This book is a comprehensive guide to designing scalable and maintainable software written by an expert. It covers the principles, patterns, anti-patterns, trade-offs, and concepts that software developers and architects need to understand to design software that is both scalable and maintainable.
The book begins by introducing the concept of monoliths and discussing the challenges associated with scaling and maintaining them. It then covers several anti-patterns that can lead to these challenges, such as lack of isolation and internal shared libraries.
The next section of the book focuses on the principles of good software design, such as loose coupling and encapsulation. It also covers several software architecture patterns that can be used to design scalable and maintainable monoliths, such as the layered architecture pattern and the microservices pattern.
The final section of the book guides how to migrate monoliths to distributed systems. It also covers how to test and deploy distributed systems effectively.
- Guidance, trade-offs analysis, principles, and insights on understanding complex microservices and monoliths problems and solutions at scale.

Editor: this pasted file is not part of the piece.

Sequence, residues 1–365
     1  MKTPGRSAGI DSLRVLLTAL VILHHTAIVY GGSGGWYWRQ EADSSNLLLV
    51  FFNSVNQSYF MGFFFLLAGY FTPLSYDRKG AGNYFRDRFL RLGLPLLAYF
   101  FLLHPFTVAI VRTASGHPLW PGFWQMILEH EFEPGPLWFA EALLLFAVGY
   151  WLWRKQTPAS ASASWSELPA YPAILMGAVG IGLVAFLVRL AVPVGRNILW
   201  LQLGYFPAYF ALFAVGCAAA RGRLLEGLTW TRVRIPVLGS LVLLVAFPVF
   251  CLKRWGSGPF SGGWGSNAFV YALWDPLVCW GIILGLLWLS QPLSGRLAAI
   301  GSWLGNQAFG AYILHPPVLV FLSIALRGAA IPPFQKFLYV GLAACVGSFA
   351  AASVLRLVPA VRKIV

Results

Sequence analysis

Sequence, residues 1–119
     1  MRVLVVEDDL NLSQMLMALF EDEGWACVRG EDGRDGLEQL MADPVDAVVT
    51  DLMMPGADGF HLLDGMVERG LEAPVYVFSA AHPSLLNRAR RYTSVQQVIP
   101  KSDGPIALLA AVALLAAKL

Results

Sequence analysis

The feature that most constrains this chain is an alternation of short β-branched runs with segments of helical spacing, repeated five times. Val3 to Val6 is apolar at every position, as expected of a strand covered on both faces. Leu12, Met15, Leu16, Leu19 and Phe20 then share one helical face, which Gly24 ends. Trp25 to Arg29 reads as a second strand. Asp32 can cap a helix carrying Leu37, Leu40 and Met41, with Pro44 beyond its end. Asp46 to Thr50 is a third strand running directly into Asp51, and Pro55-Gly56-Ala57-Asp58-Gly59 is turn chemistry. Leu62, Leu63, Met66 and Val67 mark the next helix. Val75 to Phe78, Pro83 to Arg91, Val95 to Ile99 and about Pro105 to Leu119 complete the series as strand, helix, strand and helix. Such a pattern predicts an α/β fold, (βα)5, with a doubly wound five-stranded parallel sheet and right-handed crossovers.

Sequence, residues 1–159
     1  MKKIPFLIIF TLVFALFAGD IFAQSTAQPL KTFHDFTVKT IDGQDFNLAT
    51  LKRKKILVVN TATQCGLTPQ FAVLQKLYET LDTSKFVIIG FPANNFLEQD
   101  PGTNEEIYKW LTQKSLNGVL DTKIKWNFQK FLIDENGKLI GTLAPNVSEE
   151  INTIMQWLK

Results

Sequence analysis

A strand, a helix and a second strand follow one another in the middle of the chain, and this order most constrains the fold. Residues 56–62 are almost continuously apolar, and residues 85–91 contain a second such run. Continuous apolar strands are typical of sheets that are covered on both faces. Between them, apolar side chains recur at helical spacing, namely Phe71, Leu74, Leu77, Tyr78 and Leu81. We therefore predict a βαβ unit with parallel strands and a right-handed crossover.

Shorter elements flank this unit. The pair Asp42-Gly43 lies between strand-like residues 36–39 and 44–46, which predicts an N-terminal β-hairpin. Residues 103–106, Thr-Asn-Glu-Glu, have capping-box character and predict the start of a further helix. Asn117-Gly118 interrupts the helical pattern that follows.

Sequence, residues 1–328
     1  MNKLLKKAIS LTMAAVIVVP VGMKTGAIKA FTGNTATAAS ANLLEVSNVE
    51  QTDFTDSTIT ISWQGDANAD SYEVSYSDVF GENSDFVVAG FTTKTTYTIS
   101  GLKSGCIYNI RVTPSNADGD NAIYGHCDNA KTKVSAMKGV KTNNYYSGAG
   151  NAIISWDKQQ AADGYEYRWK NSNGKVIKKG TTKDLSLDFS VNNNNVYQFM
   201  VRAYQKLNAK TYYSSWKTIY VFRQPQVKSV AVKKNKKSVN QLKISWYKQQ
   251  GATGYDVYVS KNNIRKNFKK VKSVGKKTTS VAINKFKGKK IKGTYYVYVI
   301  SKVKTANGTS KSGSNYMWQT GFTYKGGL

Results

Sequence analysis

- In-depth coverage of anti-patterns, allowing the reader to avoid pitfalls and understand how to handle architecture at scale better.
- Concepts and lessons learned through experience in performing code and data migration at scale with complex architectures. Best usage of new technology using the right architecture principles.
WHAT YOU WILL LEARN
- Understand the challenges of monoliths and the common anti-patterns that lead to them.
- Learn the principles of good software design, such as loose coupling and encapsulation.
- Discover software architecture patterns that can be used to design scalable and maintainable monoliths.
- Get guidance on how to migrate monoliths to distributed systems.
- Learn how to test and deploy distributed systems effectively.
WHO THIS BOOK IS FOR
This book is for software developers, architects, system architects, DevOps engineers, site reliability engineers, and anyone who wants to learn about the principles and practices of modernizing software architectures. The book is especially relevant for those who are working with legacy systems or want to design new systems that are scalable, resilient, and maintainable.